#Twictionary: Collins turns to Twitter in search of new words

The Collins English Dictionary has taken to Twitter to find new words for its next edition, and is asking users to choose words to make the final edition.

The shortlist of words includes fracktivist — which refers to someone who protests against fracking — and felfie — a farmer who takes a selfie.

The 12th edition of the dictionary will be the first to contain a word that has been voted for by Twitter users.

Until midnight on May 28, Twitter users can vote for the new word that will go straight into the next edition of the dictionary, to be released in October.

The publisher says the rise of social media has seen new words and ideas — that they scout for every year — go mainstream much quicker than in the past.

Andrew Freeman, associate publisher at Collins, said: “Twitter offers us an immediate snapshot of how much a word is used. The tried and tested approach to compiling dictionaries has to adapt to embrace the ways in which language is developing through use on social media, and this is a fun way to get Twitter users involved in defining the language.”

Collins has been publishing the dictionary since 1819 and is the largest single volume dictionary in print, with its words sourced from the Collins Corpus, which contains more than 4.5bn words, as well as the open- source site collinsdictionary.com, where users can submit words for consideration.

The new process, which has its own website where Twitter users can vote, looks to take advantage of the freedom of Twitter when it comes to the written word.

Lucy Mangan, a blogger for collinsdictionary.com and a contributor to the Collins English Dictionary, wrote: “Twitter is the perfect place to find out what people are really saying and how they’re saying it. It’s a space in which you’re freer than almost anywhere else to combine old words, resurrect others or invent totally new ones whenever the need arises. #brilliant.”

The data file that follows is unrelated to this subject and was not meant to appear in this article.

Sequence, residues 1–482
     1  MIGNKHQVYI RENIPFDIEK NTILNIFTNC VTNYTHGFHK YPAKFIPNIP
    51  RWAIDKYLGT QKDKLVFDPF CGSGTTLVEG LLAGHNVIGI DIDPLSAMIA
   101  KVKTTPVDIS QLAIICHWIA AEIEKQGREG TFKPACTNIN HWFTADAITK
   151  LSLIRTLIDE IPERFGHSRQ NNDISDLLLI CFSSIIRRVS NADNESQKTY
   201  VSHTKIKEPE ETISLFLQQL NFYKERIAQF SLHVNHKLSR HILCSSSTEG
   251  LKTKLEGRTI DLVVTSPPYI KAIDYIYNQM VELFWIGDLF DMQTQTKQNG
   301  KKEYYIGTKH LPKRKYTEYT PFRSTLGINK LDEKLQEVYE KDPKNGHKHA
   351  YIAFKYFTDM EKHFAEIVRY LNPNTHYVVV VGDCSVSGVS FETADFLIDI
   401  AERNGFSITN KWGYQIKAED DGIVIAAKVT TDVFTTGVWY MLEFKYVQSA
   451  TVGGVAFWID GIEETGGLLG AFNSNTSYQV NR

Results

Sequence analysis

According to language experts, the list is a sign of the way language is changing in the 21st century.

Ian Brookes, lexicographer and consultant editor to the Collins English Dictionary, said: “Language has always had to develop in response to changes in society and technology. In the 20th century, the development of the motor car, air travel, television, and the personal computer changed the things that people did and so brought many new words into the language. In the 21st century, the growth of social media has had a comparable effect.”

Twitter users can vote for their choice at twictionary.collinsdictionary.com.

Adorkable candidates

Here are the candidate words, along with their official definition.

* Adorkable: Dorky in an adorable way;

* Fatberg: A large mass of solid waste, grease, etc, clogging a sewerage system;

* Felfie: A farmer selfie;

* Gaybourhood: A gay-friendly neighbourhood such as Castro in San Francisco;

* Nomakeupselfie: A selfie of a woman without make-up, posted online to raise awareness for a charity;

* Vaguebooking: Posting a deliberately vague status updates on social media to prompt a response;

* Duckface: The traditional pouting facial expression in selfies;

* Fracktivist: An activist against fracking;

* Euromaiden: The original pro-Europe protests in Ukraine, named for Maidan Square in Kiev.


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